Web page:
Thank you for pointing out that some people may be misleading Bloomington residents that the City of Bloomington will be paying for the paving of a bike trail along the Minnesota River Valley in Bloomington. The paved trail project funding (if approved, that is) will be funded by the State through issuance of bonds. For more clarity: State bond money and the annual DNR maintenance budget ultimately are paid by taxpayers, including the residents of Bloomington. Save the River Bottoms (STRB) has a great deal of credible information posted on the savetheriverbottoms.org website and FaceBook page. Our information comes from sources such as the Minnesota Department of Natural Resources, freedom of information act requests, news articles, and other fact checked organizations. We at STRB strive to inform citizens and government officials with factual data they can use to make informed decisions about the future of the Minnesota River Valley in Bloomington. Below are some facts / information for those that are interested: The Minnesota River Valley (MNRV) in Bloomington has gone over flood stage twice in 2020 already. In 2019 the MNRV in Bloomington was under flood water for over three months. Paved trails in water ways, wetlands, and flood plains are continually damaged by flooding and freeze thaw cycles. The condition of the paved trail from Bloomington Ferry to Highway 101 is a great example.
At previous meetings the public was told that the 13 mile stretch from the Cedar Bridge to the Bloomington Ferry Bridge was fully funded with 2.18 million dollars. The DNR has started Phase 1 of the paving on Bloomington-owned land from Lyndale Avenue for roughly 2 miles towards the Cedar Avenue Bridge at a cost of 2.8 million dollars, paid for by the taxpayers of Minnesota (Bloomington).
The DNR has started Phase 1 of the paving on Bloomington-owned land from Lyndale Avenue for roughly 2 miles towards the Cedar Avenue Bridge at a cost of 2.8 million dollars. There is no current funding for the remaining paved trail in Bloomington. Additional funding would need to be approved at the State Capitol by lawmakers.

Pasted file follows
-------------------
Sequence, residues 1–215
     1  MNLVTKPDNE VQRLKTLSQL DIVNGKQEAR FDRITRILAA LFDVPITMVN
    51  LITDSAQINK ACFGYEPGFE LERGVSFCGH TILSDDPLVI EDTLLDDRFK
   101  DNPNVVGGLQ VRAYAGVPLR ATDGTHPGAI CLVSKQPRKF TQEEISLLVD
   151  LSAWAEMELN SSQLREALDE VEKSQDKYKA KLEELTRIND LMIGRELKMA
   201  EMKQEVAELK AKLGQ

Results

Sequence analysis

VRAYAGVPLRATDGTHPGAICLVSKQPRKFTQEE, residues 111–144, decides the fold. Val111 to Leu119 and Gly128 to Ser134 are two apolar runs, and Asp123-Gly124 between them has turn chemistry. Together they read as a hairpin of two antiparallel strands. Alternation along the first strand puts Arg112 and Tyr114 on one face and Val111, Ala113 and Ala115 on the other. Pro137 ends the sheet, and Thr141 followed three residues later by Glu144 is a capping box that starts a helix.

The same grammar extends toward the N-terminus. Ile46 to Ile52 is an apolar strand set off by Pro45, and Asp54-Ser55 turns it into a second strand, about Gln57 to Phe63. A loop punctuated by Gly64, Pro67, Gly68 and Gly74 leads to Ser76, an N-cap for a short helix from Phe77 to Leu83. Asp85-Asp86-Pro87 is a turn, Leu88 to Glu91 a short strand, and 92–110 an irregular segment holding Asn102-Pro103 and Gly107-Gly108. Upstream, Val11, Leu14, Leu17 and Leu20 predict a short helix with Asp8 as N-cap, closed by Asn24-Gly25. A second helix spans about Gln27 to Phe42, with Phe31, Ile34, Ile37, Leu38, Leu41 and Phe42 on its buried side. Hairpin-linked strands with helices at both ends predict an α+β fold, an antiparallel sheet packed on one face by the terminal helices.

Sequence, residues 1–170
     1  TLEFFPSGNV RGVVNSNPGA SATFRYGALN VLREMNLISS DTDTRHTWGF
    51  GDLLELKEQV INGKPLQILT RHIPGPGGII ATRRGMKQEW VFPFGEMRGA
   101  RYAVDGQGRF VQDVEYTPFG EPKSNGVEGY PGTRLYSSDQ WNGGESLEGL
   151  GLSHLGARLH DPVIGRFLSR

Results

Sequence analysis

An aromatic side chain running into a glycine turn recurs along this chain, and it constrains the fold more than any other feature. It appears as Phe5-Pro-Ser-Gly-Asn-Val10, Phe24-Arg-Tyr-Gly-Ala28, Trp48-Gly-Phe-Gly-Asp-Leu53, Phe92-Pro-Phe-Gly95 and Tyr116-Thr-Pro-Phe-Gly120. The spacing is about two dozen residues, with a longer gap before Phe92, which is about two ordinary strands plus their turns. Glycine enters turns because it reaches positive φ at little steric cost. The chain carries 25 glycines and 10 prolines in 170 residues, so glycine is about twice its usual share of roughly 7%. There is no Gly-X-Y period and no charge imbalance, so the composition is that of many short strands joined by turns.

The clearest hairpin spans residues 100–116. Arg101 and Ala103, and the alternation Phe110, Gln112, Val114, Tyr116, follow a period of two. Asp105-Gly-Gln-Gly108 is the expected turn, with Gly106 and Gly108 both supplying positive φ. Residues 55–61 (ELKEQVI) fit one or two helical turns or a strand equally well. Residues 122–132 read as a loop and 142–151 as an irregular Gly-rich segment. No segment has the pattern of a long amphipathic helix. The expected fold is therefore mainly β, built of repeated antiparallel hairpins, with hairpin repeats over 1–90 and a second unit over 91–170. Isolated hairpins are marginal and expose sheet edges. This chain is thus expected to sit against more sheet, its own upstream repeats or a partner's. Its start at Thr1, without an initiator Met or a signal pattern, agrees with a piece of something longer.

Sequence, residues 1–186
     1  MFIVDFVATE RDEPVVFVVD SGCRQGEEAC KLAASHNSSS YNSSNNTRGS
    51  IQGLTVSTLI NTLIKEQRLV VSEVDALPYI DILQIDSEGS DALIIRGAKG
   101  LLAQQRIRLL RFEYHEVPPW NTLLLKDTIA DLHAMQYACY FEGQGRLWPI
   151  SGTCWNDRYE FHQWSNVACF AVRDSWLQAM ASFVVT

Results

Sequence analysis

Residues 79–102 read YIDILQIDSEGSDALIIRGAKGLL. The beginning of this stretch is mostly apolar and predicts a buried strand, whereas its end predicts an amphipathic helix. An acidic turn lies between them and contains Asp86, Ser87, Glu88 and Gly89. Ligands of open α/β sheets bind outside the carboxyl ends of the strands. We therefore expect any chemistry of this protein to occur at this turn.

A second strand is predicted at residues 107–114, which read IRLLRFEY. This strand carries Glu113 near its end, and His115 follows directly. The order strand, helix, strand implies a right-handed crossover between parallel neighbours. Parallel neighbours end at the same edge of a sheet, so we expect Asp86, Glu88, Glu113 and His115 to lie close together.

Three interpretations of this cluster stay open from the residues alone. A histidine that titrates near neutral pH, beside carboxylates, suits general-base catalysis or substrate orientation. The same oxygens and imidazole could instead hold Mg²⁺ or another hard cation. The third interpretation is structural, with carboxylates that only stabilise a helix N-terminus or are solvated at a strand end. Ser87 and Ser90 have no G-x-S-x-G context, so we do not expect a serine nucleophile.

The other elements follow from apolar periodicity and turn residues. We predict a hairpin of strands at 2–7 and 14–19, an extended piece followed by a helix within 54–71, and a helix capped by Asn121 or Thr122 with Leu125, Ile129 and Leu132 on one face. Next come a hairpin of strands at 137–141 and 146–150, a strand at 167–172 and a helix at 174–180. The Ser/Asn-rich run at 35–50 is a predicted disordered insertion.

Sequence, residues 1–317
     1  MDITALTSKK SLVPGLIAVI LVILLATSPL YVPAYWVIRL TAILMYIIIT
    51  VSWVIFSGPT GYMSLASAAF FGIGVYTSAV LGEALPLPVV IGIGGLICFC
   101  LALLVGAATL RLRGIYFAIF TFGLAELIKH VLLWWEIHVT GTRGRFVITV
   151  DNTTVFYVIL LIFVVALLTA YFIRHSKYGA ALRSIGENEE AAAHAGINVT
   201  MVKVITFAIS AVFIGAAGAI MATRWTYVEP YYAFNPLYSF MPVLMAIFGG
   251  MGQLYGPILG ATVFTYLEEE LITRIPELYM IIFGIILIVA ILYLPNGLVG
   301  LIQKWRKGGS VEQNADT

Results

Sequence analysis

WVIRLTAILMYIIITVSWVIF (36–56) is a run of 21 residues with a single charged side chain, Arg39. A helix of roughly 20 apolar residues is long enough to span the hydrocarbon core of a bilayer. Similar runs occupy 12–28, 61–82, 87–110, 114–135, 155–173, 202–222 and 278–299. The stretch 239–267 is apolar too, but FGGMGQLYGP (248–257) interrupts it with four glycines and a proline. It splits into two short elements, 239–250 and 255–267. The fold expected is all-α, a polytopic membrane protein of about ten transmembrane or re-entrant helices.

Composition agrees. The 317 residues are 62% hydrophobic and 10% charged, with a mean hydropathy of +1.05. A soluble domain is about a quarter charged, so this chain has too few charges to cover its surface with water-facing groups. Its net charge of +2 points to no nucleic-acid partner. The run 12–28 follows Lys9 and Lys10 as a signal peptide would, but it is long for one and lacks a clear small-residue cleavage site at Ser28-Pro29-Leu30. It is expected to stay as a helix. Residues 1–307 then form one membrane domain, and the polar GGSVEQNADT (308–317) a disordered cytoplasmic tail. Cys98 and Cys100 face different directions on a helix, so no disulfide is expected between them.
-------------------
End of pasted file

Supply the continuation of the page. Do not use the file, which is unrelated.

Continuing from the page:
The City of Bloomington has not required a “FULL PLAN” with cost estimates from the DNR for this project. Over half of the 13 miles of proposed trail lie within Bloomington City Limits, including a bridge over Nine Mile Creek that the DNR estimates will cost over $1 million dollars. The City of Bloomington has resisted requests for a user study that would provide information of number of users and why they choose to recreate in the current MN River Valley Area. The Minnesota DNR has a well-documented maintenance deficit in the hundreds of millions of dollars that includes well over 100 miles of current paved trails throughout Minnesota that are seriously in need of repair. The DNR does not have the money to make those repairs, and is unlikely to get it from the Legislature.
The MN River Valley State Trail enabling statute did not require a paved trail surface until it was added into an unrelated bill in 2015 by a legislator from Bloomington. This amendment could not have happened without support from the Mayor and City Council.
City of Bloomington has had an active role in lobbying for funding of trail paving projects and has worked to acquire funding from other transportation related sources. On and on……. The one question that Mayor Busse should be asked regarding his statement of the funding source for the paved trail is: Considering the DNR has a well-know budget deficit for maintenance funds, will the City act to guarantee that the City of Bloomington will NOT be responsible for any maintenance or funding of maintenance for the paved trail by insisting that the Minnesota Department of Natural Resources enter into an agreement to maintain the trail and pay 100% of those maintenance costs?
Save The River Bottoms